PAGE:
Culinary highlights from NYC, Spring 2010
Locande Verde http://locandaverdenyc.com/
What a beautiful restaurant in Tribecca; with a lively vibe, professional service and simple Italian--inspired market cuisine at the highest level. A perfect lunch: shrimp and white bean crostini, beet, gorgonzola and pistachio salad, fresh ricotta and foccaccia, homemade ravioli, cheese agnolotti with brown butter, peas and asparagus, white fish with a spring vegetable medley and Romesco sauce. Everything tasted so fresh, pure and expertly prepared. I would love to return for dinner.
The ultimate dining experience. Maybe the Blue Hill at Stone Barns experience could make me swoon more, but it’s hard to imagine. Especially for a celebratory girls’ night out, the Greenwich Village restaurant could not have been better. And from the elderflower sparklers on, the farm to table concept comes through loud and clear, in the city or not.. D’Avignon radishes and miniature carrots, greens and all, came nestled in a row, suspended from a cute presentation plank to start off the meal. House Charcuterie was passed around: coppa, saucisson, cured ham.. Spicy kale chips appeared spiking out of their own little presentation block. Freshly churned butter, whipped lardo with espelette and arugula salt with the cutest mini-baguettes (or giant breadsticks) followed. A spring salad mosaic with a few fiddleheads, asparagus spears, broccoli rabe. and green garlic shoots strewn about the plate, lightly dressed, was beautiful, so perfect. A fresh pullet egg with greens, brioche and speck - absolutely decadent. Pork shoulder and loin au naturel, melting lamb belly, as tasty as lamb fat can possibly be.. All these dishes were so flavourful, yet subtlety seasoned and made to shine with the background green accompaniments and odd flourish -nettles here or a hit of curry there, fresh herbs everywhere, nuts and grains..
Most notably, the wine pairing was absolutely exquisite. All the wines were unique and interesting (with more Chenin Blanc, Cab franc and esoteric grape blends for a given region, than most restaurants dare to do), showing the passion and thought put into the selection. The delivery really wowed too, offering the perfect mix of descriptive detail sans pretence. Spot on, smart and friendly (and female) - how refreshing.
I’m used to doing tasting menus and eating great food, but it is rare to see this kind of fine tuned service, original food and wine quality all coming together at the same time to make for something marking, spectacular. It’s not just about a talented chef or team cooking a good meal or a good room or farm fresh ingredients. It’s a whole philosophy, personality and authenticity that carries through from A to Z, thanks to staff and ingredients big time, but also management, organization, communication, passion, creativity, and surely much hard menial work. I know how difficult it is to make the stars align night after night. Blue Hill sets the bar high and you feel it, taste it, are inspired by it.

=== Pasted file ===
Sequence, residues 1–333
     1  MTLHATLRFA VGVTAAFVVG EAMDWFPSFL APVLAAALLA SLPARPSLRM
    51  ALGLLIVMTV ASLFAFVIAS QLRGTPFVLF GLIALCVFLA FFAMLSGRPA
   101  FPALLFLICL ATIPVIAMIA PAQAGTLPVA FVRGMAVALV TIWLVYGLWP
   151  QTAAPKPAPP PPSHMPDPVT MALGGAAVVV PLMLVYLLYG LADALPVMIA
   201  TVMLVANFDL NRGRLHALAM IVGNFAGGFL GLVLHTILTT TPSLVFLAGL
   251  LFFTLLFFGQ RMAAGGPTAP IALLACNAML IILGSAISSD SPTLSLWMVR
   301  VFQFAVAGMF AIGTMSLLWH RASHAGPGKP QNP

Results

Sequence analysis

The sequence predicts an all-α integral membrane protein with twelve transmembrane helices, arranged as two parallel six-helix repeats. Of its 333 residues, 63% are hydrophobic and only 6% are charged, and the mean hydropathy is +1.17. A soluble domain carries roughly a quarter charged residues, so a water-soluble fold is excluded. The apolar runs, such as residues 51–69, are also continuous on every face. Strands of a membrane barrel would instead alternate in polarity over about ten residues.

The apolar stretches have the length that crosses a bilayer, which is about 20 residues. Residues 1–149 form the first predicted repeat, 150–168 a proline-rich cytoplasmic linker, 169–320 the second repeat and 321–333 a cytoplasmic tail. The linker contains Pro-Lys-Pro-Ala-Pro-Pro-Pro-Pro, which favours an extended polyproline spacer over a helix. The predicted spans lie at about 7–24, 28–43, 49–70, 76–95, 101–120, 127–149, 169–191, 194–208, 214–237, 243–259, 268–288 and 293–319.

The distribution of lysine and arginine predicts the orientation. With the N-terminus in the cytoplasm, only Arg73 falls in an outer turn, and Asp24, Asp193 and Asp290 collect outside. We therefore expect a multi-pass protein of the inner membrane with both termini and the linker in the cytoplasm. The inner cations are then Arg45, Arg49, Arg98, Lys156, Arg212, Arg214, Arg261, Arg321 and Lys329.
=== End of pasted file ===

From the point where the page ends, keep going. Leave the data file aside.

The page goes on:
Gansevoort Hotel http://www.hotelgansevoort.com/
Room service breakfast at the Gansevoort hotel - Even if it was just your basic combo of scrambled eggs, potatoes and bacon with toast and a fruit plate at a ridiculous price. For a change, everything was just right – the eggs buttery, the bacon crispy, the potatoes roasted and crusty but tender in the middle and seasoned. The fruit was freshly cut, if not from the ripest selection, but fine - so hitting the spot. Despite the hefty price tag of a room service breakfast, it is easy to be forgiving when you don’t have to get out of your pyjamas for a decent coffee and something tasty, and it’s such a shock when it’s actually good! Absolute luxury.
Torrisi 212-965-0955, 250 Mulberry St, Manhatten, NY 10012, http://piginahat.com/
A convivial, quality food nook in Little Italy run by two chefs, with charcuterie hanging in the window, lots of mouth watering offerings on display at the counter; dynamite sandwiches (pork shoulder and chicken parmesan), beautiful high-piled eggplant lasagne, silky ricotta and spicy rapini sides, terrific coffee cake. Flavour forward, fresh American Italian comfort food in a laid back, raucous, neighbourhood feel setting. This is my friend Barb’s favourite place, and what a gem. At dinner, they get slightly fancier and do a set menu with wine.